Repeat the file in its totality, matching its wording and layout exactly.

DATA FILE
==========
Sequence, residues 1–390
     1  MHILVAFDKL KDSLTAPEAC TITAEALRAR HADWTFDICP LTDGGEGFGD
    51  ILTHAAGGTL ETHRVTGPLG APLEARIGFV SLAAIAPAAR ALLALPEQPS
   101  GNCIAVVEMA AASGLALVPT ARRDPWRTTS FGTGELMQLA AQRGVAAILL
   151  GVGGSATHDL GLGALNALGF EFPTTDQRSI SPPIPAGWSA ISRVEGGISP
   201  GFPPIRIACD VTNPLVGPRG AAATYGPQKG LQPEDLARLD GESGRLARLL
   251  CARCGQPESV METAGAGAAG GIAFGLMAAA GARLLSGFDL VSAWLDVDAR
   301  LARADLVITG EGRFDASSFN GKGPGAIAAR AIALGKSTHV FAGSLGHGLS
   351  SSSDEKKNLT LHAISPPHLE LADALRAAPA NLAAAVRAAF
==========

Sequence, residues 1–390
     1  MHILVAFDKL KDSLTAPEAC TITAEALRAR HADWTFDICP LTDGGEGFGD
    51  ILTHAAGGTL ETHRVTGPLG APLEARIGFV SLAAIAPAAR ALLALPEQPS
   101  GNCIAVVEMA AASGLALVPT ARRDPWRTTS FGTGELMQLA AQRGVAAILL
   151  GVGGSATHDL GLGALNALGF EFPTTDQRSI SPPIPAGWSA ISRVEGGISP
   201  GFPPIRIACD VTNPLVGPRG AAATYGPQKG LQPEDLARLD GESGRLARLL
   251  CARCGQPESV METAGAGAAG GIAFGLMAAA GARLLSGFDL VSAWLDVDAR
   301  LARADLVITG EGRFDASSFN GKGPGAIAAR AIALGKSTHV FAGSLGHGLS
   351  SSSDEKKNLT LHAISPPHLE LADALRAAPA NLAAAVRAAF